bims-hylehe Biomed News
on Hypoplastic left heart syndrome
Issue of 2019‒09‒08
five papers selected by
Richard James
University of Pennsylvania

  1. J Perinatol. 2019 Sep 05.
    Callahan K, Steinwurtzel R, Brumarie L, Schechter S, Parravicini E.
      OBJECTIVE: To test our hypothesis that an innovative method of early palliative care called "Baby, Attachment, Comfort Interventions" reduces psychological distress in parents of neonates with congenital heart disease.STUDY DESIGN: Prospective cohort study of parents of neonates with congenital heart disease. Distress was evaluated at admission and discharge using Neonatal Unit Parental Stressor Scale and Depression Anxiety Stress Index-21. Control parents received standard of care. Intervention parents received interdisciplinary interventions aimed at improving neonatal comfort and parenting experience.
    RESULTS: Seventy-seven parents participated. Stress decreased in the intervention group (26 parents) but not in the control group (51 parents). There was no decrease in anxiety or depression in either group.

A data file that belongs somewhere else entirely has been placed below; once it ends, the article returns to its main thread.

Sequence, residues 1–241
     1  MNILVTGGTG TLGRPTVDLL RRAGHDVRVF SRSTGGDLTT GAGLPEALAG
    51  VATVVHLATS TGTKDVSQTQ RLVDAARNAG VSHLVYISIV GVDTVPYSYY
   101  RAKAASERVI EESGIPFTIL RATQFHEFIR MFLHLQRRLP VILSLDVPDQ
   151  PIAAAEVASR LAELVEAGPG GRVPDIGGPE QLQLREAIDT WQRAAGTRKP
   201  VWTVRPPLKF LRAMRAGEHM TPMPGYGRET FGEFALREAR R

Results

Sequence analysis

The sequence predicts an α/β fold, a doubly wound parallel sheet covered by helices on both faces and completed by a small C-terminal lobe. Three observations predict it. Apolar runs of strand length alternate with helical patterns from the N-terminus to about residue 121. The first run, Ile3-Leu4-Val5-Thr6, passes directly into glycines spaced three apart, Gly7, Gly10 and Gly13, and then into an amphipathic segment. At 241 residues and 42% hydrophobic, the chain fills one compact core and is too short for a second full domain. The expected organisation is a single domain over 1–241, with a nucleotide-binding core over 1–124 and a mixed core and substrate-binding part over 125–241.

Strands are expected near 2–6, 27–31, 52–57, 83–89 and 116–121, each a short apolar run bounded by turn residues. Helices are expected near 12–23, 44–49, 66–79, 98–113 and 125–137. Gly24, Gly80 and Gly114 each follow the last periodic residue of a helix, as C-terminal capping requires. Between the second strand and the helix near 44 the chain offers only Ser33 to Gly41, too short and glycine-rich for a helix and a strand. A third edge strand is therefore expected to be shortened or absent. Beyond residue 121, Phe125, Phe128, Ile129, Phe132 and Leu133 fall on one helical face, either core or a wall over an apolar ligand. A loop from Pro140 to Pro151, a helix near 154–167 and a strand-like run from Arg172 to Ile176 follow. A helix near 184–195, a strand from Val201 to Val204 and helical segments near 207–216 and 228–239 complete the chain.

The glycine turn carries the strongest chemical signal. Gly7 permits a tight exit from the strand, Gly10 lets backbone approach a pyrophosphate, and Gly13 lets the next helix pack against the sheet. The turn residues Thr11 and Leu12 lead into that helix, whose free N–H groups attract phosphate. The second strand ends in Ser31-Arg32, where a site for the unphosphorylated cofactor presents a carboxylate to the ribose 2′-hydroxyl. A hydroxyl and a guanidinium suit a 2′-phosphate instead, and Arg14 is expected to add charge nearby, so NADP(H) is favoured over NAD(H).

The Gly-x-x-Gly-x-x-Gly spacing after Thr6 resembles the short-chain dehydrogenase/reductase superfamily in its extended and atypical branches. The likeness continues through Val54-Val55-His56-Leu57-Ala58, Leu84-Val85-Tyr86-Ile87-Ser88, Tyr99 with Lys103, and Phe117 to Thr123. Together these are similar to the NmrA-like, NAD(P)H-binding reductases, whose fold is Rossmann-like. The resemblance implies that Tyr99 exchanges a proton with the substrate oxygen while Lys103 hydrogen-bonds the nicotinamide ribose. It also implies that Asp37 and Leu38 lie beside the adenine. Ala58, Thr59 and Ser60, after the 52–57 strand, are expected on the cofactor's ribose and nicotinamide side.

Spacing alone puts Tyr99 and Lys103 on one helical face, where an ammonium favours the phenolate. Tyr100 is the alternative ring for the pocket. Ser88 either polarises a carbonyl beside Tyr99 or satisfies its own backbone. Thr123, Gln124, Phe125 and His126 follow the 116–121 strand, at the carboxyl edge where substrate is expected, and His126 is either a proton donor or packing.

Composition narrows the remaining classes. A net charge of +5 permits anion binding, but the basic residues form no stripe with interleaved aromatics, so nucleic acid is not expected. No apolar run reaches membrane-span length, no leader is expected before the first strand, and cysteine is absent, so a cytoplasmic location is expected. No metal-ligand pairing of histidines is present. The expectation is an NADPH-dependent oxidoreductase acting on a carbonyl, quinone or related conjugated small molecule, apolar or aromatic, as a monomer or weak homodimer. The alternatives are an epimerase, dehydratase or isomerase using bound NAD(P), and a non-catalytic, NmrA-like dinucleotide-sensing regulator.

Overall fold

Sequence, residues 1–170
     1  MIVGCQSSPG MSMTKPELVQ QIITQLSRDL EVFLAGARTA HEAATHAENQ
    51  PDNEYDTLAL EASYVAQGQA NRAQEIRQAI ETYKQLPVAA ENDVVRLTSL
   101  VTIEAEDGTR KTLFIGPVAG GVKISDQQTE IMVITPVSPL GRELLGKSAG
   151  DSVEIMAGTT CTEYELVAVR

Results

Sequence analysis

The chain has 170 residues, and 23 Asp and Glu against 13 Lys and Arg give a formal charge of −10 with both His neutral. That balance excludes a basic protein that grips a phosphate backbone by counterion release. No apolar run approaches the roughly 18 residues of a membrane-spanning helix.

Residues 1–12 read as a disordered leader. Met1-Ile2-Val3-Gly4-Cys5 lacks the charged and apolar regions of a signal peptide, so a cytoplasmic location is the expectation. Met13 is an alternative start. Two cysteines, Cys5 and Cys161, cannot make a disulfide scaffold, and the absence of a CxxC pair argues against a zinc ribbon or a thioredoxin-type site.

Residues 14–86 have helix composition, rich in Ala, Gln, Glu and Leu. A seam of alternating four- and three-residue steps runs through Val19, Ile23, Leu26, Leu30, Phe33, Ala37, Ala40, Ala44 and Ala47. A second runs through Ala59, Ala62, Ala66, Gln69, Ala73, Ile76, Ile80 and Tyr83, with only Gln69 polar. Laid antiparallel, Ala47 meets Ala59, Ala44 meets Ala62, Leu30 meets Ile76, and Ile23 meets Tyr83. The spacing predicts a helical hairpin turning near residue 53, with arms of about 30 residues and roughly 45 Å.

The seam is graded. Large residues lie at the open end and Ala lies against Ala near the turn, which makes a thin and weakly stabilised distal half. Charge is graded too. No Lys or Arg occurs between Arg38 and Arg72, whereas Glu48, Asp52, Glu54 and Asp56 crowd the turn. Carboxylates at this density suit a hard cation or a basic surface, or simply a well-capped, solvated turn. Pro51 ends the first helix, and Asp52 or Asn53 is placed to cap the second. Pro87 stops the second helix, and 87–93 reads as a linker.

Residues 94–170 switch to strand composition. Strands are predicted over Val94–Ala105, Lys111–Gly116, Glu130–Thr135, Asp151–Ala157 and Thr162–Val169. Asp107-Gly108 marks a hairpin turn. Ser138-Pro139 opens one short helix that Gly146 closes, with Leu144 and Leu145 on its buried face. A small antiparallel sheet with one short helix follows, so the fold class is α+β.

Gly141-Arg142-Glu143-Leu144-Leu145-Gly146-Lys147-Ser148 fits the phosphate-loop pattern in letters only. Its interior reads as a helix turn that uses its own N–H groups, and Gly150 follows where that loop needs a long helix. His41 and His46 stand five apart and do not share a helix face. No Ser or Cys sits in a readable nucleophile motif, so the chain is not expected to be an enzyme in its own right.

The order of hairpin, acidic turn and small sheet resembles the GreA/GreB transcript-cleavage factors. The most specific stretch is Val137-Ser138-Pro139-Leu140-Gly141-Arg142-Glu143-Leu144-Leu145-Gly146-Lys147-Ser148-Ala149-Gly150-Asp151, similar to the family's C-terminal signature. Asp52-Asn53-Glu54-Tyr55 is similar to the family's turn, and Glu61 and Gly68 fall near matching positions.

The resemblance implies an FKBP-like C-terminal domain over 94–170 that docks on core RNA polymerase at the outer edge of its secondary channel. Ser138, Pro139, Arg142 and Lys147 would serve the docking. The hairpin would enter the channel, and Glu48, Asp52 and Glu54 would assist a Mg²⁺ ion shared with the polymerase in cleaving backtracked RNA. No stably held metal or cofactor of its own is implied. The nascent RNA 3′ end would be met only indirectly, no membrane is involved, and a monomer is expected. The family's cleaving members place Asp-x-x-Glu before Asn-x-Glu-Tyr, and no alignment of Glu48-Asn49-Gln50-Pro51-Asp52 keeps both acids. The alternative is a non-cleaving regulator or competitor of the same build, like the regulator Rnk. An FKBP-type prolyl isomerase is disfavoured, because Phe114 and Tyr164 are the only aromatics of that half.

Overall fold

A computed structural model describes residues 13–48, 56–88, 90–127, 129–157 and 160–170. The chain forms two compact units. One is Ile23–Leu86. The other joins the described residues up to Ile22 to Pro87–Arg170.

CONCLUSION: Early palliative care reduces stress in parents of neonates with congenital heart disease. Further work is needed to address depression/anxiety in this group of high-risk parents.
  2. Curr Opin Pediatr. 2019 Sep 02.
    White BR, Rogers LS, Kirschen MP.
      PURPOSE OF REVIEW: Patients with congenital heart disease (CHD) suffer from a pattern of neurodevelopmental abnormalities including deficits in language and executive function. In this review, we summarize recent studies that examine these outcomes, their risk factors, possible biomarkers, and attempts to develop therapeutic interventions.RECENT FINDINGS: The latest literature has highlighted the role of genetics in determining neurologic prognosis, as we have increased our understanding of potentially modifiable perioperative risk factors. The role of potentially neurotoxic medical therapies has become more salient. One recent focus has been how neurodevelopment affects quality of life and leads to a high prevalence of mental illness. Neuroimaging advances have provided new insights into the pathogenesis of deficits.